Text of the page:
Overgrown forests are one of the key contributing factors to the current wildfire crisis in the West. The new Forest Service strategy on Confronting the Wildfire Crisis outlines the agency’s plan for increasing fuels and forest health treatments to create healthier forests and reduce the risk to communities.
Forest Service science shows that thinning and fuels treatments work. Historically, many western forests were far less dense and extremely variable. Trees often grew in clusters of two to 20, interspersed with several small gaps. Pacific Southwest Research Station Research Ecologist Eric Knapp studies the ecology of western forests in relation to disturbance, particularly fire. He’s especially interested in landscape changes that have occurred in the absence of fire, including how resilient these forests are to drought or wildfire later. As part of this research, he evaluates the results of forest management alternatives designed to reverse some of these changes, including mechanical thinning and prescribed fire.
Ten years ago, Knapp and his colleagues began a study on the Stanislaus-Tuolumne Experimental Forest in California. They thinned some areas in the standard way, with trees spaced relatively evenly. They also thinned other areas with a new prescription designed to restore variability, mimicking historical forest conditions. Finally, they left other units unthinned. Half of all the units were later treated with prescribed fire. Since then, he and his team have been measuring the trees, understory vegetation, and small mammal populations to evaluate how the different treatments perform over time.
What they found was that during a recent severe drought that killed over 147 million trees statewide, the two thinned treatments came through relatively unscathed, experiencing far less tree mortality than the adjacent unthinned areas. By reducing competition, the remaining trees had greater access to sunlight, water and the nutrients found in soils. They also found that the addition of prescribed fire is key to a more vibrant and diverse understory plant community, similar to what these forests once contained.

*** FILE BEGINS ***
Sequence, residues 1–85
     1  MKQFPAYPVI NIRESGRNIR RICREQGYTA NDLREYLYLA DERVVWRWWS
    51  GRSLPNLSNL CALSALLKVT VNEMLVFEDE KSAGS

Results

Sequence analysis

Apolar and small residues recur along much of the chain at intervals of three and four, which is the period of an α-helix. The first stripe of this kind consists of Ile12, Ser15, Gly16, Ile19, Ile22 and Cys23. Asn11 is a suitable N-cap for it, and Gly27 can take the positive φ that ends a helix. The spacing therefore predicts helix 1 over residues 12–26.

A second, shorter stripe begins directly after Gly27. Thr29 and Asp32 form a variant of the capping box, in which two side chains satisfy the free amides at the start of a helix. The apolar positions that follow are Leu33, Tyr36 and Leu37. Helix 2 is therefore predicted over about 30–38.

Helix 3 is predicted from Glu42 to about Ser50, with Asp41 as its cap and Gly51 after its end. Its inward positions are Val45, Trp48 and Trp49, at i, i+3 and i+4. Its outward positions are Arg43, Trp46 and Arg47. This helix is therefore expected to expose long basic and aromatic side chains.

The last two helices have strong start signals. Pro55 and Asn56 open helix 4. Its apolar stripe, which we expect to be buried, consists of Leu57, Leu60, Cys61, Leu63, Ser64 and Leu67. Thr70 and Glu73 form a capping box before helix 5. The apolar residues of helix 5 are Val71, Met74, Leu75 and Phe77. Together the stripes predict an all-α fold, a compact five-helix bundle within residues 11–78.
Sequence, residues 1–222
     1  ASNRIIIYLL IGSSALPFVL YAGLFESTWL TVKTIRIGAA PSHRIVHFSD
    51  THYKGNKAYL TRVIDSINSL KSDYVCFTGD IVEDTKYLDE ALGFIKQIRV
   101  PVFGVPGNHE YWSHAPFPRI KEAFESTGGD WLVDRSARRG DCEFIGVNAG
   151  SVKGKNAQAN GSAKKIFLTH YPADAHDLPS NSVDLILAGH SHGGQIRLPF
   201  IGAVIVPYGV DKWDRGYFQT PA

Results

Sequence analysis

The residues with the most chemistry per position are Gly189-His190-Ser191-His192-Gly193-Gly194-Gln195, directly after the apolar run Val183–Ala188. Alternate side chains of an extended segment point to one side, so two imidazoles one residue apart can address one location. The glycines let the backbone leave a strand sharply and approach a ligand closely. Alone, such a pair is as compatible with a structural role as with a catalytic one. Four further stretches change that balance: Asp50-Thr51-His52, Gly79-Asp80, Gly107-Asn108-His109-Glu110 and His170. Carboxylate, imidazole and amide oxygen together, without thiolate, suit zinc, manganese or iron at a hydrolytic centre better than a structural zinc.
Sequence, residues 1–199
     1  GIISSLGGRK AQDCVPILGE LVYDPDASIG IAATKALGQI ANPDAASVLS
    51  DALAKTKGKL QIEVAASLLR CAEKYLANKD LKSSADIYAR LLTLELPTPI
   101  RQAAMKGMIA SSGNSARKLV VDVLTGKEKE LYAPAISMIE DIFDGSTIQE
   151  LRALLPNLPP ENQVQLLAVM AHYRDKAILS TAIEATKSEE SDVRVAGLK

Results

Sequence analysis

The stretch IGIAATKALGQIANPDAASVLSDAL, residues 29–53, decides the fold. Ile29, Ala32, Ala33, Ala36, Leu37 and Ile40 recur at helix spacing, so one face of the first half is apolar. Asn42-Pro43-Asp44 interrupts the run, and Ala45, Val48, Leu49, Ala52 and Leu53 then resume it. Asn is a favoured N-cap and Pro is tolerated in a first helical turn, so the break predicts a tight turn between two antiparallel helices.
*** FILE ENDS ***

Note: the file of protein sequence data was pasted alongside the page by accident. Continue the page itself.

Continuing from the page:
Knapp and his colleagues have shared these findings through field tours for land managers and other stakeholders representing a diversity of interests.
“It has been gratifying to see that many have found the ‘high variability’ thinning idea with prescribed fire to be an example worthy of scaling up to improve forest resilience and habitat value,” he said.
Knapp is convinced that there are few better ways to improve understanding and acceptance of forest management than experiencing the various treatment options in person, but he believes that a virtual tour might be the next best thing. He’s now collaborating with Penn State University to develop a virtual reality field tour of the study area. Linking high resolution 360-degree imagery with audio commentary, the virtual tour allows users to explore the stands with a computer mouse.
“While there’s no substitute for actually being there, we’re hoping this virtual tour will make the forest more accessible to audiences that wouldn’t otherwise have the opportunity,” he said. An updated virtual tour should be available in a few months.
Forest thinning is seen by some as incompatible with healthy forests, but the forests of the past prove thinned forests can be both biodiverse and resilient in the face of drought and wildfire. Soon we’ll all be able to see the proof for ourselves.